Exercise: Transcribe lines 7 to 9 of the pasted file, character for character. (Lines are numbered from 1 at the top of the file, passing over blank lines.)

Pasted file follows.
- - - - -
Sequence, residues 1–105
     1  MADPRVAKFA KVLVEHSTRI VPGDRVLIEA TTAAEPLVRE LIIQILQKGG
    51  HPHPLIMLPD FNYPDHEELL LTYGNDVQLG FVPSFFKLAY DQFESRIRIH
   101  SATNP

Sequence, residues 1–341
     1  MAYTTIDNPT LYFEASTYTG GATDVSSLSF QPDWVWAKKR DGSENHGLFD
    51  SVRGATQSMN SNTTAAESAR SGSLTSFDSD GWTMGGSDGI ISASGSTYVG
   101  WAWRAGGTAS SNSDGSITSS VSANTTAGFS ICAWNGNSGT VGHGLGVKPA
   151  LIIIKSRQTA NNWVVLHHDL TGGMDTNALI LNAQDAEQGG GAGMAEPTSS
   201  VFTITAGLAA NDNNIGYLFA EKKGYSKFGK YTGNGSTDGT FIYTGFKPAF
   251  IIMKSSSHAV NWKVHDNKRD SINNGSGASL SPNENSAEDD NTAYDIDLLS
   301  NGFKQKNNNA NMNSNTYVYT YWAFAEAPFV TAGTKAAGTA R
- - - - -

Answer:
    51  SVRGATQSMN SNTTAAESAR SGSLTSFDSD GWTMGGSDGI ISASGSTYVG
   101  WAWRAGGTAS SNSDGSITSS VSANTTAGFS ICAWNGNSGT VGHGLGVKPA
   151  LIIIKSRQTA NNWVVLHHDL TGGMDTNALI LNAQDAEQGG GAGMAEPTSS